So an explanation of my understanding: In the “void setup” section I begin transmission in write mode (see page 21 of datasheet to follow along with my explanation figure and table 5-3) in the begin transmission function I address the slave with 0xDC because the device address begins with 1101 (pre programmed) and then 110 as I have the two Adr pins tied to +5v and finally 0 as I want to change configuration settings. This translates to 0xDC in hexadecimal. Then I send the slave a byte of information for the configuration register (see page 18 section 5.2). I send 0x8C as I want my settings to be PGA = 1, SPS = 3.75, One-Shot mode, channel 1, initiate new conversion. Which should mean I need to send the slave 10001100 or 0x8c. This communication then ends as “Any byte sent after this second byte will be ignored” according to page 21. Then in the loop I begin transmission the same way apart from now I open transmission in read mode which is 0xDD as the last bit (R/W bit) is now 1. I then request six bytes of information and read the six bytes. If you now go to page 23 of the datasheet you can follow along again. Here I should get three data bytes from the slave and every subsequent byte should be the configuration register settings repeated. For now I am uninterested in the first three data bytes as I first of all just want to know how to change the configuration settings. What gets printed by the arduino instead is three data bytes from the slave, as expected, and then three of the exact same value, also as expected as they should all be the configuration settings. What is being printed in the second three bytes is “90”. Not what I expected. Now I’ve tried to figure out what has happened (hard without an oscilloscope). 90 converted from hex to binary is 10010000 and I believe the default settings are (which can be found on page 18) 00001001 could this be the default settings if so can anyone tell me whats going on and how to fix it? Thank you in advance for the help and thank you for taking the time to read my problem.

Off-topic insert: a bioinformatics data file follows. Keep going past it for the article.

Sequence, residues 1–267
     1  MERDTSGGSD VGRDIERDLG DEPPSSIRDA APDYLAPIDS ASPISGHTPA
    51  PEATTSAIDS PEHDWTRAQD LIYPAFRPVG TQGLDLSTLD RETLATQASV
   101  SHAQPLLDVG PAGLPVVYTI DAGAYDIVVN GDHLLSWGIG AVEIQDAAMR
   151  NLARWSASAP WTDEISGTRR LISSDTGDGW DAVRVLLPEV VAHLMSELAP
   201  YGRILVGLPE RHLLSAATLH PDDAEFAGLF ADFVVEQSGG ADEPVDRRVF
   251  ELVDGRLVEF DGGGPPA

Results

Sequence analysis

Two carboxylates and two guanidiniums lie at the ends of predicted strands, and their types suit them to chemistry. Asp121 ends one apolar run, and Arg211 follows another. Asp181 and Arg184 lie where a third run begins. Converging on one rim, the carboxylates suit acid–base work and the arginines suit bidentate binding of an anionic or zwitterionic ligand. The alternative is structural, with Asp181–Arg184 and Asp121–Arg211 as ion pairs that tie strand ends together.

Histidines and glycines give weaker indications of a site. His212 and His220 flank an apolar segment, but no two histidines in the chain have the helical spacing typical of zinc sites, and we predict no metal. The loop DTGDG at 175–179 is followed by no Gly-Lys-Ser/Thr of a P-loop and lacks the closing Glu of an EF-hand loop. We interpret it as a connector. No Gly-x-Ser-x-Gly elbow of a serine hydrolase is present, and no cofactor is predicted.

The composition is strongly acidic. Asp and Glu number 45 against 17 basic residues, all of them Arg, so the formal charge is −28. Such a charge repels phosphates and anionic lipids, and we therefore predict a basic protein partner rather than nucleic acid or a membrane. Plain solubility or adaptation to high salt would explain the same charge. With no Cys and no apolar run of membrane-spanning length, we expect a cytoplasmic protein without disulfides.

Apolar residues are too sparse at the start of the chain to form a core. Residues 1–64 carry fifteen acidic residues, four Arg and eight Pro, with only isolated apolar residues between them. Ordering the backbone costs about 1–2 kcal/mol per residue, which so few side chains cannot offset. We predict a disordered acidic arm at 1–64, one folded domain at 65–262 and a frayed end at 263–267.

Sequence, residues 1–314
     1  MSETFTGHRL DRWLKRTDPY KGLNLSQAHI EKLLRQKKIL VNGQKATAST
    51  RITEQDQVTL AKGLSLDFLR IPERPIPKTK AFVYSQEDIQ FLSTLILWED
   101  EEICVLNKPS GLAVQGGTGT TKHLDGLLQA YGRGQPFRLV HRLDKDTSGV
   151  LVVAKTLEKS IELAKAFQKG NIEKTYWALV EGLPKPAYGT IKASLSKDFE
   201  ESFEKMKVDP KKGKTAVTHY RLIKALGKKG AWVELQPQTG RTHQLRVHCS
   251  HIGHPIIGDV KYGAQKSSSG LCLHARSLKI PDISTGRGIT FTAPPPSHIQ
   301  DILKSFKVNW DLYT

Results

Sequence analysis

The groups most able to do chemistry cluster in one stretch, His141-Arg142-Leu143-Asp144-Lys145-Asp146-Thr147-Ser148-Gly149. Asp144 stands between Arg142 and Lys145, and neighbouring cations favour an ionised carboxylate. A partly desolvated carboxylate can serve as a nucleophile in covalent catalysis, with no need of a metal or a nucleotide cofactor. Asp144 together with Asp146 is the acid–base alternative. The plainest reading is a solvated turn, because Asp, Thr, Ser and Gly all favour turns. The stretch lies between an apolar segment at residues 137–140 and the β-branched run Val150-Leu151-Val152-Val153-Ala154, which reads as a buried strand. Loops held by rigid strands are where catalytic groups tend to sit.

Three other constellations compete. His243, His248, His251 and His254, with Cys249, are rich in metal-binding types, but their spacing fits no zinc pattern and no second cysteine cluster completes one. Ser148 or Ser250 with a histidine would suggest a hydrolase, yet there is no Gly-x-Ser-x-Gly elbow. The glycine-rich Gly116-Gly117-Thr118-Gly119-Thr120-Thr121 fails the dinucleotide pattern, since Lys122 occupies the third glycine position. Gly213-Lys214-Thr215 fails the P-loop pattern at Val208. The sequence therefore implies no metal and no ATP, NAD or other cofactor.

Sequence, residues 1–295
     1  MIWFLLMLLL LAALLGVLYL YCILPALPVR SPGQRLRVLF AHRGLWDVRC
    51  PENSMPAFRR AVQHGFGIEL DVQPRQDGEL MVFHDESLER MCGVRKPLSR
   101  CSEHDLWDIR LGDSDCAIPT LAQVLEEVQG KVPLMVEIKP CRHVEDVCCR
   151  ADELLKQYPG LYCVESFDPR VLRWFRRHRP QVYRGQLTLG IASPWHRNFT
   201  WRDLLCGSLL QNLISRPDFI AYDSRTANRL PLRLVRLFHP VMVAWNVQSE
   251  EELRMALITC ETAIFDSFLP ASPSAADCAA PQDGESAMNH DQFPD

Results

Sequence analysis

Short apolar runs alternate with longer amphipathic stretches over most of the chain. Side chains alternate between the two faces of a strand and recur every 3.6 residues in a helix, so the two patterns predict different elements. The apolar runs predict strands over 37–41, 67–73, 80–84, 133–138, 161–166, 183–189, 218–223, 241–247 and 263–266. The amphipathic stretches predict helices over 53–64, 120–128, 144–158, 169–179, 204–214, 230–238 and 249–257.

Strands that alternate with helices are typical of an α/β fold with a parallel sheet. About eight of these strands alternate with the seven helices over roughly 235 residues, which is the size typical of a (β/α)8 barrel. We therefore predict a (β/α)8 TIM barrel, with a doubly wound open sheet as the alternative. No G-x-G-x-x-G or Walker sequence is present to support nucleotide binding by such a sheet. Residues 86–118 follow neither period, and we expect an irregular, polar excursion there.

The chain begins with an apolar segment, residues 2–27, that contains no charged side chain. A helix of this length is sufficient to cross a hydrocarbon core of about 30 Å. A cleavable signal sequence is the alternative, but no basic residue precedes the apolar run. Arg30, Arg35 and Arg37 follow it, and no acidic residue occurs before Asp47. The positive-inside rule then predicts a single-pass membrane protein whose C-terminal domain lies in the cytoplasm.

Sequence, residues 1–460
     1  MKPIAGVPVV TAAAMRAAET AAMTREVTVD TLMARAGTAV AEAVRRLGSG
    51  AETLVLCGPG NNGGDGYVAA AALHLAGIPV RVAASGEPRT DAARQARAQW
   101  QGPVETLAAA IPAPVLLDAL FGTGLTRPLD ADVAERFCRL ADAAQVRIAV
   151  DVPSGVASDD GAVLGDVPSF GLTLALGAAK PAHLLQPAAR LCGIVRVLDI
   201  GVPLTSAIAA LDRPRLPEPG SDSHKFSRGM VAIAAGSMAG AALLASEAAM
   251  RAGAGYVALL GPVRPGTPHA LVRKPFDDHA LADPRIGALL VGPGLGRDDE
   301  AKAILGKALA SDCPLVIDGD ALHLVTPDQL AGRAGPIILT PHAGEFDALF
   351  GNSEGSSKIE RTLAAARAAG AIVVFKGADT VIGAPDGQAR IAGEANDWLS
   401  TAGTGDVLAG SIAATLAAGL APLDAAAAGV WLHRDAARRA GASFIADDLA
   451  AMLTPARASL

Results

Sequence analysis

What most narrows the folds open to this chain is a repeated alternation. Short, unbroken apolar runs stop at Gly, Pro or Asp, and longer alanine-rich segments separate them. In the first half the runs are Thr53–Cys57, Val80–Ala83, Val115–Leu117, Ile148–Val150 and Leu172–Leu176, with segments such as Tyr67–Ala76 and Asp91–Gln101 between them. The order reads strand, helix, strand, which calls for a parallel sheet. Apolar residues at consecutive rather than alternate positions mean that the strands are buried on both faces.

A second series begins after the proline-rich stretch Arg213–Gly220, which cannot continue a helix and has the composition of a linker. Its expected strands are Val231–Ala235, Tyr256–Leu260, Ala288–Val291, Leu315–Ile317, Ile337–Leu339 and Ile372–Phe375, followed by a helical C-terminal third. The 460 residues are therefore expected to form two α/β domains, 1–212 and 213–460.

• do not initialize the library in every loop. remove begin and setClock. and requestFrom should not be wrapped in transaction
    – Juraj
    Jul 14, 2019 at 5:57
  • @Juraj okay I will try without initialising the library ever loop and removing the set clock but I don't understand what you mean with the requestFrom being wrapped in transaction, could you explain a little more?
    – Asyu7
    Jul 14, 2019 at 7:38
  • sorry transaction = beginTransmmition endTransmmition
    – Juraj
    Jul 14, 2019 at 8:12
  • @Juraj I have tried what you said but still I get the same result
    – Asyu7
    Jul 14, 2019 at 8:45
  • use a library. for example github.com/bersch/MCP3424
    – Juraj
    Jul 15, 2019 at 9:31

1 Answer 1


The problem is, that you misunderstood, how the Wire library handles addresses.